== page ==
# Physics problems and units

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I just gave my 16yo son the lecture of his life about always including the units when doing physics problems. I don't just mean including the units in the answer, I mean carefully carrying them through all the intermediate steps. If nothing else, it seems to me that this is good housekeeping.

So, physics gurus, am I being unreasonable?

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no, iir, making sure your units were there and being cancelled out and such helped make sure you were doing it right.

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(not physics, but math)

You are absolutely not being unreasonable. He is being unreasonable. This is a huge cause of errors in math courses and I cannot imagine it's any better in physics courses.

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In my chemistry class, I encourage my students to write out their problems with the units and to work them out that way.

It's a little more difficult to do that with physics. If you are doing problems with power and work, the symbol for power is P, the SI unit for power is W (watts), and the symbol for work is W. It's awfully easy to get confused between the symbols and the units because you are often working problems that have units that look identical to a symbol.

For my physics classes, I have my students write down everything they start with and then convert everything to compatible units. THEN I have them write out the problem in symbols and THEN I have them plug in their values.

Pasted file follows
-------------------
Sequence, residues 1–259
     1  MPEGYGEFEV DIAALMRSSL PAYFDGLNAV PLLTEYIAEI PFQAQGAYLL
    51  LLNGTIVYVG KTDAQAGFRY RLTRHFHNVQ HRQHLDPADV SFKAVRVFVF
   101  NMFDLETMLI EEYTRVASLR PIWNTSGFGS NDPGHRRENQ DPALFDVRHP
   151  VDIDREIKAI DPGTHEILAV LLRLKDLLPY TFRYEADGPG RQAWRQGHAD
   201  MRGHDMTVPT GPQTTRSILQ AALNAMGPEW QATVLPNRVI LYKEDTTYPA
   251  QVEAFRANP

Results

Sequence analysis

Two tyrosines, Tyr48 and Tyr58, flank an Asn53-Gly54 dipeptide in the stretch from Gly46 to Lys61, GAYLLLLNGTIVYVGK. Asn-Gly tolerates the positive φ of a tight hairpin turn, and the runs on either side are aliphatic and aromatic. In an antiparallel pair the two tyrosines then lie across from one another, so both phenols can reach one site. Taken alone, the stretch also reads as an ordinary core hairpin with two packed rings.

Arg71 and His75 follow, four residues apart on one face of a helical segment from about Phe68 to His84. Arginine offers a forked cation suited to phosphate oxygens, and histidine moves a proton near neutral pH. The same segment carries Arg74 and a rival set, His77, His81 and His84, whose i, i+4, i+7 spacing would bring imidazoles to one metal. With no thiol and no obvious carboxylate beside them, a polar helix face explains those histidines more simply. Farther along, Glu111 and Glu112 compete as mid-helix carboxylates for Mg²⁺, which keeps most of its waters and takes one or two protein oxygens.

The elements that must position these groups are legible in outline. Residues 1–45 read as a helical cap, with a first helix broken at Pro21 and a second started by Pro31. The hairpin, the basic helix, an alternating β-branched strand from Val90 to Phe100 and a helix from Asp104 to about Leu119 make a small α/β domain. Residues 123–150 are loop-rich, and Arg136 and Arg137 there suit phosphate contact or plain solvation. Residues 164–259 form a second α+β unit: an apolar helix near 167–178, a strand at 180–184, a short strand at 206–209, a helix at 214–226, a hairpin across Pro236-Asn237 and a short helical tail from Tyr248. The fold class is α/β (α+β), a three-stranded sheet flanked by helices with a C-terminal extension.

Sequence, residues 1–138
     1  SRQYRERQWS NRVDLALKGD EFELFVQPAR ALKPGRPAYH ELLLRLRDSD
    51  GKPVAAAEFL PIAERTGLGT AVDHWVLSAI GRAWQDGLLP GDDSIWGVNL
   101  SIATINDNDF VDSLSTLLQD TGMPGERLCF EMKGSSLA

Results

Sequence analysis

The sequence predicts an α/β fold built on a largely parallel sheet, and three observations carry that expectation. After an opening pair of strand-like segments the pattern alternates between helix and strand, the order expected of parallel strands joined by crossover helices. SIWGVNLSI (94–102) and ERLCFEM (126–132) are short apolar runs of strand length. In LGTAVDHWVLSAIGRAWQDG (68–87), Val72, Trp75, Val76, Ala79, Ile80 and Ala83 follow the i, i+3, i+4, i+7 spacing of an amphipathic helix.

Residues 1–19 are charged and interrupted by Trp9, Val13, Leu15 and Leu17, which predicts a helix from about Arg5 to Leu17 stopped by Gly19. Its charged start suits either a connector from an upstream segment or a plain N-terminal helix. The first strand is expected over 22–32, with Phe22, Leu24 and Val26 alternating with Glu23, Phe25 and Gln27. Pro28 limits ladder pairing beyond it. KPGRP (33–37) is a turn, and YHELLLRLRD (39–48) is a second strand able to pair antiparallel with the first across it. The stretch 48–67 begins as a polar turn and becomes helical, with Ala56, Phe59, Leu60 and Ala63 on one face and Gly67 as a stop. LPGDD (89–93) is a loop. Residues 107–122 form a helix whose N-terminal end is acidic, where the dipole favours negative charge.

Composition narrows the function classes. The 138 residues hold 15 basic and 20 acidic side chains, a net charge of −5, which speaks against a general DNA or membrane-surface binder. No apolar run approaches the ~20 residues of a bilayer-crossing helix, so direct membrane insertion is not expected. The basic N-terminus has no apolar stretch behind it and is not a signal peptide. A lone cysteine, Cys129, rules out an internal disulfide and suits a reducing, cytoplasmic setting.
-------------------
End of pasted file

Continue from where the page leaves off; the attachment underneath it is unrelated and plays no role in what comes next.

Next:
If your student can manage to keep his symbols and units straight, then putting units in the problem is a good idea.

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Keep up the good work! Units are vital.

Many teachers/profs take off points for not including them, even if by some chance the answer is "correct", simply because without the unit label the teacher can't know what the student is talking about!

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Carrying the units through the calculation is absolutely vital!

1. Unit analysis can help identify errors. If you calculate a force and your unit comes out in Nm instead of N, you know that there has to have been a mistake and can go back and search for it.

2. Units with prefixes, which occur especially in electricity and magnetism, pose a big danger for a student who is dropping units. If your charge is 1nC that means it is 10^-9 Coulombs - a student in the habit of dropping units is often not only losing the Coulombs, but the nano along with it - and the answer is off by 9 orders of magnitude: a factor of 1000 million.

If you feel able to stretch your student a bit further: teach him to solve problems in symbols completely before putting numbers in. It is the cleanest technique, causes the least errors and enables a better analysis of the answer. Solve for the desired quantity in symbols, and only in the last step put in numbers for quantities - with their units.

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So, physics gurus, am I being unreasonable?

Absolutely not! It's all rather meaningless without the units...you might as well just be doing math.

Tell him to be thankful that his parents aren't physicists. I've been insisting on dimensional analysis with every word problem since about the 5th grade :-)

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Thanks all! I will persevere.

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unit is very important in physics

http://mentalfloss.c...rsion-disasters

:iagree:

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